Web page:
It’s easy to talk about brands. It’s harder to define one, especially when the brand is you. Many people feel uncomfortable talking about themselves. Others feel as if they are bragging if they are forced to put themselves in a positive light. The fact of the matter is, to be successful and stand apart from the competition, you have to know yourself and carefully craft your brand story (Klaus, 2008, p. 3). For the purposes of finding a career, it is important to carefully consider what you believe defines you—what makes you unique, consistent, and relevant—and how to tell your brand story to create an emotional connection with prospective employers.
If you identify three “brand points” you can tell a much more powerful brand story. Brand points are like platforms that you can use to demonstrate your skills and experience.
Examples of Powerful Brand Points
- Leadership skills. This provides a platform to describe your roles in leadership positions at school, work, professional, or volunteer or community service organizations.
- Academic achievement. This provides a platform to highlight your scholarships, awards, honours (e.g., dean’s list), and more. A prospective employer wants to hire the best and the brightest (if academic achievement isn’t your strong suit, don’t use this as one of your brand points).
- Sales (or other) experience. This provides a platform to underscore your contributions and accomplishments in your current and past positions. Past achievements are the best predictor of future success for a prospective employer so you can focus on results that you have delivered.
You can you see how specific brand points can make a big difference in how you might answer the question above; they help define your brand as being unique (no one else has this combination of education, skills, and experience), consistent (each one demonstrates that you are constantly striving to achieve more), and relevant (prospective employers want people who have these characteristics). Finally, the ability to communicate your brand story in a cover letter, a résumé, and an interview will help you establish an emotional connection with your prospective employer because he or she will be able to identify with components of your personality.
Building an emotional connection with the customer is very important and an excellent way to stand out to a prospective employer in an interview. The more you think about it, the more you will discover your personal FAB (feature, advantage, benefit) message. Your FAB message will help you tell the details about your brand and will help you tell your “stories” about your experience and accomplishments during your interviews.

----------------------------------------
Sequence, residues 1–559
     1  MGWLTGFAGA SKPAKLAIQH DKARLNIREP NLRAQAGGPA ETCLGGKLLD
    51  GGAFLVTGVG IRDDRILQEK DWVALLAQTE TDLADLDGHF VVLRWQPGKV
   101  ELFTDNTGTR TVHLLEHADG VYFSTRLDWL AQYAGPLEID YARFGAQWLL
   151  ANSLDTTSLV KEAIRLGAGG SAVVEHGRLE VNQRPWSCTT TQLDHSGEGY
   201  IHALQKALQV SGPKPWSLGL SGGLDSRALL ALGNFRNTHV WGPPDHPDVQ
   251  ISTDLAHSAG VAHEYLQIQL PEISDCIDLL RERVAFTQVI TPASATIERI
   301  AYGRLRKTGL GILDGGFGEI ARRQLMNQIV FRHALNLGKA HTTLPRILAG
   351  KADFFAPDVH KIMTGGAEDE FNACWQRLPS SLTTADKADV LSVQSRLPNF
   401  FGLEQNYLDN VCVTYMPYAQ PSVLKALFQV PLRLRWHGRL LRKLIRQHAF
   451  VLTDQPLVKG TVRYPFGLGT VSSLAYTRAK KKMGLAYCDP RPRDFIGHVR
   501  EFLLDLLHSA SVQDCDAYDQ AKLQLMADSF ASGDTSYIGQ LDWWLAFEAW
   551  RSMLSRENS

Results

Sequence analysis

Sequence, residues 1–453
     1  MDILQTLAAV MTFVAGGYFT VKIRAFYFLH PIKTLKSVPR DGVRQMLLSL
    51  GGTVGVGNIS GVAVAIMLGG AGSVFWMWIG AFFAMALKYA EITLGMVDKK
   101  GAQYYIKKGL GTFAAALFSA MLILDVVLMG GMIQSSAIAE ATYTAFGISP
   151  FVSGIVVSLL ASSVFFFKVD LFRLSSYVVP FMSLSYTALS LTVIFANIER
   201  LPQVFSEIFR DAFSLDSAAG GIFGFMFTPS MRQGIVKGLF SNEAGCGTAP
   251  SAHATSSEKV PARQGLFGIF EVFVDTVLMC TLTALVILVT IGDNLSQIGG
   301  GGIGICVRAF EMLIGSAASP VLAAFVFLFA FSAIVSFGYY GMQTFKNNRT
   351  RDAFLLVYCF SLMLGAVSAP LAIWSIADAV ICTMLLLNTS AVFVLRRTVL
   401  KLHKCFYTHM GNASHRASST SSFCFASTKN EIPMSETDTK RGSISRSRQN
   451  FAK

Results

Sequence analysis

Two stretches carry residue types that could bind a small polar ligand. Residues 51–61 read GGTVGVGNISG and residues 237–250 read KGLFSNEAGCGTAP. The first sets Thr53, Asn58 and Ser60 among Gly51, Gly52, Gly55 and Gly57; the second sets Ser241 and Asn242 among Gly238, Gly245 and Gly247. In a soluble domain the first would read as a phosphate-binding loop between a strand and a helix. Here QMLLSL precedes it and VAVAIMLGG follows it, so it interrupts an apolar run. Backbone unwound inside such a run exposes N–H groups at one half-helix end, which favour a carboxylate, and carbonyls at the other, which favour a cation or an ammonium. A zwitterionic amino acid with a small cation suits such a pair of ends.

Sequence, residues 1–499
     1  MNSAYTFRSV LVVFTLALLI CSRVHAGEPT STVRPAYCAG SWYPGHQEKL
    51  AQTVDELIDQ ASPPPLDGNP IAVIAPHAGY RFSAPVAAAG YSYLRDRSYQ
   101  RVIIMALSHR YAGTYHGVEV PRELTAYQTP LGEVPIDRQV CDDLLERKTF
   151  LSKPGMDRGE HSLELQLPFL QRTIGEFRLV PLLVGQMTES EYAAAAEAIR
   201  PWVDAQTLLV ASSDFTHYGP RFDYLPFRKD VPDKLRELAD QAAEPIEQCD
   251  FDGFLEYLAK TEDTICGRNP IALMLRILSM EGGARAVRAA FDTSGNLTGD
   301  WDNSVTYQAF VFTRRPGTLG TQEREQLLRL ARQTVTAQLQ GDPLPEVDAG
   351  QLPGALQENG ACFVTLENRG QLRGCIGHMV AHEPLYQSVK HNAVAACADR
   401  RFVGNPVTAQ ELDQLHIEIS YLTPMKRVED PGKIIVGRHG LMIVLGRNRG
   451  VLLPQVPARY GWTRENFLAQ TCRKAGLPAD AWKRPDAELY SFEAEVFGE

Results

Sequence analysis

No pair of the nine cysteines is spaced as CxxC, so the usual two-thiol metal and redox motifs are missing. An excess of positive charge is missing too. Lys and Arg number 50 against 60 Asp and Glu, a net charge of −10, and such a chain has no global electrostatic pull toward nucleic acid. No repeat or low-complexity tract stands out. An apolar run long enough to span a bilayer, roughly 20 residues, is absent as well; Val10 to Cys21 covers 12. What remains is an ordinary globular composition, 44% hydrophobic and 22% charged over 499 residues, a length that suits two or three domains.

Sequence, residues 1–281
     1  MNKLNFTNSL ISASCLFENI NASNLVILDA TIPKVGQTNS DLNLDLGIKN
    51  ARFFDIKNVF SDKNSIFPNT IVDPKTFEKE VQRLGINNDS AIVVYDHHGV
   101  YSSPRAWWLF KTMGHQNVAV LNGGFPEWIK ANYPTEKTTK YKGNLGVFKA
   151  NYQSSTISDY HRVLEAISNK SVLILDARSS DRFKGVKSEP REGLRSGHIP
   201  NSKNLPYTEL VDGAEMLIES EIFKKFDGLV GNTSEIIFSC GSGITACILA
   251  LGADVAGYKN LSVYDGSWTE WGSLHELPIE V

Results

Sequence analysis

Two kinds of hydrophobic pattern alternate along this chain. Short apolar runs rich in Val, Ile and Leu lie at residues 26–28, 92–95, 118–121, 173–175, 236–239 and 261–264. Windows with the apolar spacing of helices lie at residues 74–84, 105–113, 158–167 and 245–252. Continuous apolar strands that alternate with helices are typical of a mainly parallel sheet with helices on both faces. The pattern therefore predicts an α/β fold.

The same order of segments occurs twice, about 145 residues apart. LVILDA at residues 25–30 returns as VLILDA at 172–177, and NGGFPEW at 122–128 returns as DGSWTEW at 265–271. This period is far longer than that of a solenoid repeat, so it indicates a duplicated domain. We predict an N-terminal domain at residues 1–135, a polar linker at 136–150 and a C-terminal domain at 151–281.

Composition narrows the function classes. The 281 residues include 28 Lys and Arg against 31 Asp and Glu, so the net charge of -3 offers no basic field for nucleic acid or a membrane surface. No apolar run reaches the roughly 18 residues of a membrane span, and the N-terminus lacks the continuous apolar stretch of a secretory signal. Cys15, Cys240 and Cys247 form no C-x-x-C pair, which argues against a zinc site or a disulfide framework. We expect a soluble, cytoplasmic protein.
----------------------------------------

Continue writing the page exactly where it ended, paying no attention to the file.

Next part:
Stories Paint Pictures
If getting the job or internship you want were only about the facts, you would only need to present your résumé on a job interview. But prospective employers are looking for that “certain something,” an emotional connection that helps them know that you are the one (Eisenberg, 2001). Every candidate comes into an interview trying to impress the interviewee and saying how much he wants the job. Why not stand out, show, and sell?
Table 1.9.1: Personal FAB Example
Brand Positioning Point
|Had an internship at an advertising agency
|I worked on the Limited, Too account developing Twitter conversations with target customers.
|I can help SpitFire engage its customers directly and learn about shopping preferences using social networking.
|Customer Service Experience
|Worked as a server at Olive Garden
|I interacted with customers and provided excellent customer service under pressure.
|I understand how to handle multiple tasks under pressure without losing my cool.
|President of Young Entrepreneurs Club
|I developed a forum for local investors to regularly hear pitches from student entrepreneurs, which led to the launch of three new products.
|I understand the process it takes to turn ideas into profitable businesses, and I’m able to be the driving force behind bringing people, ideas, and money together.
Every Picture Tells a Story
Take your FAB one step up and create a portfolio. A collection of work samples from class projects, internship, volunteer projects, and any other work that demonstrates your skills. that you can show during job interviews. When you tell someone about your experience and accomplishments, that’s good, but showing them really helps you stand out in the crowd. If you are lucky enough to get an interview, capitalize on the opportunity to sell yourself. Keep in mind that most companies interview at least two or three people, and sometimes more, before they make their hiring decision.